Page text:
JAWS: The Guide Dog for Blind Computer Users

JAWS for the blind, is the computer equivalent of the Seeing Eye dog.

This statue at the Seeing Eye, Morristown, NJ, commemorates the many guide dogs who have been trained there. JAWS for the blind, is the computer equivalent of the Seeing Eye dog. Photo: Daniel L. Berek


Think of Netscape, Lotus 1-2-3, MS-DOS… Back in 1995, these applications were hot, but how many people still remember them? In that year, another program was released: Job Access With Speech (JAWS). That program, however, is still going strong, JAWS 2018 having been released in October 2017. In fact, it is the most popular screen reader worldwide. A screen reader is a piece of assistive technology for blind and visually impaired individuals. The program “translates” text and graphics on a computer screen to an output device, such as text to speech or a special braille keyboard, one in which the little raised dots are refreshed, raised as the content is read. JAWS is a product of Freedom Scientific, a company based in Saint Petersburg, Florida.


The Focus40 keyboard incorporates a refreshable braille display.

JAWS works with many output devices, such as the Focus40 braille keyboard.


JAWS enables blind and visually impaired users to navigate the Internet, write a document, create spreadsheets and presentations, and correspond by e-mail. The program is compatible with a host of input/output devices Freedom Scientific, including the Focus 14, 40, and 80 line of refreshable braille displays, MAGic large-print keyboard and screen-magnification software, and the company’s various other magnifiers, such as ZoomText Fusion and OpenBook.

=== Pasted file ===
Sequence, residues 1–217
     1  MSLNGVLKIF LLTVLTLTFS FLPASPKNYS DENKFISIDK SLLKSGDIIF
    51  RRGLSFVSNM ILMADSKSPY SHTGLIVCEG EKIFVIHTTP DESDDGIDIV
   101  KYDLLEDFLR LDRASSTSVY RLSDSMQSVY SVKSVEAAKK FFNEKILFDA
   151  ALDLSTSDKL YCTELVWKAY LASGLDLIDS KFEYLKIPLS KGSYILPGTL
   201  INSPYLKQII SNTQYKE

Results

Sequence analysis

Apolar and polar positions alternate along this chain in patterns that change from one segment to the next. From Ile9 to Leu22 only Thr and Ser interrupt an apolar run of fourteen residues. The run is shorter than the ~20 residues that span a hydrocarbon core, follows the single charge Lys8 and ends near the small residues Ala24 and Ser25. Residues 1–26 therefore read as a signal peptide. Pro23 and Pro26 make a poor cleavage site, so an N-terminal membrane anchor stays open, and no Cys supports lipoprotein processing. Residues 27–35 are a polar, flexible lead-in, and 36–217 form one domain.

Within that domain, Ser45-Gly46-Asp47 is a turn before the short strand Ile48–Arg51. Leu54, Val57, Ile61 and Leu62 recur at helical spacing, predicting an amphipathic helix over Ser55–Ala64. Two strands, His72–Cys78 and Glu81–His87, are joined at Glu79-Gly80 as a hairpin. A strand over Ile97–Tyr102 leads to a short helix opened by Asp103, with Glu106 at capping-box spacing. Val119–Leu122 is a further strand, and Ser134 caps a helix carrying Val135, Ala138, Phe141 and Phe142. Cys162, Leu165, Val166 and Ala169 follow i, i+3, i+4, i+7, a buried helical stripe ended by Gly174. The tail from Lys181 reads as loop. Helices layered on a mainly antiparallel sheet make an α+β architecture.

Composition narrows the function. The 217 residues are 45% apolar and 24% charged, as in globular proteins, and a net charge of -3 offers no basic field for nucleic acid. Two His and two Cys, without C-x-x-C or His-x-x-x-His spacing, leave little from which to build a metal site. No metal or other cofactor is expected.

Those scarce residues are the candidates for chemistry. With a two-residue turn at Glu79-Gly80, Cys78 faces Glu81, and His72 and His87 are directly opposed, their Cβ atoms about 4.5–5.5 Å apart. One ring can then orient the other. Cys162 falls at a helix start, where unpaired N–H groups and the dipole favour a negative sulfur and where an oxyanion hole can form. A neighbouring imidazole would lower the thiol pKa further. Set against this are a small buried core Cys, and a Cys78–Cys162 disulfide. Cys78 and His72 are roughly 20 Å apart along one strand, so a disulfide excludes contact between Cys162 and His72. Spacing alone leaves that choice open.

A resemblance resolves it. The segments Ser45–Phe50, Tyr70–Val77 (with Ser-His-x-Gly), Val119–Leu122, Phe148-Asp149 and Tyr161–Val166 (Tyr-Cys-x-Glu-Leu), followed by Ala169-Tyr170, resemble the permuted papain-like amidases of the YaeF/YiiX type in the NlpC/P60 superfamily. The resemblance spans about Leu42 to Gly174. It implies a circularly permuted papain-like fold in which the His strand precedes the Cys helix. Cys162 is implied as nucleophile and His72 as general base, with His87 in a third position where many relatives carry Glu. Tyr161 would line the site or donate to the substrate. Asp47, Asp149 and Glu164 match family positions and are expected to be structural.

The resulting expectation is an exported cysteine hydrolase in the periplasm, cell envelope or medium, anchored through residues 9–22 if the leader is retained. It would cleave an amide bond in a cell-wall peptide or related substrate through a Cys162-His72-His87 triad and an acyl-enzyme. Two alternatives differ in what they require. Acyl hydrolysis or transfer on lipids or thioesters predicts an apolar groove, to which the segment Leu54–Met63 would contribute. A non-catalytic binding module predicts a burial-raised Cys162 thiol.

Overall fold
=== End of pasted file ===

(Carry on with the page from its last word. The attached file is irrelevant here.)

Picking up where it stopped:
A blind man starts and runs his own business with assistive technology.

Wayne Kean (LEFT) operates a coffee shop in one of the state’s office buildings in Camden, NJ. Since he has a condition that has left him blind, he uses assistive technology to help keep track of inventory and work on his computer. Assistive Technology Specialist Norm Rothstein (RIGHT) has been working with Wayne to make sure he has the right tools to perform his job and he knows how to use them.

Assistive Technology blind visually impaired

Assistive Technology for the blind helps Steve pursue his passion for sports and his business.









Several of our blind and low-vision clients have benefitted from JAWS. Wayne K. now runs his own concession stand business. Like Wayne, Steve R. loves to be active while maintaining his antiques business. Steve also uses ZoomText. And Tyion L., a high school student, is succeeding in school, with the aid of his Focus 40 keyboard.


JAWS has been around for a while. However, with frequent updates and its compatibility with other Freedom Scientific hardware and software, JAWS keeps up with ever-quicker technological progress, affording people like Wayne, Steve, Tyion, and thousands of blind and visually impaired users around the world the independence to pursue what they love to do.

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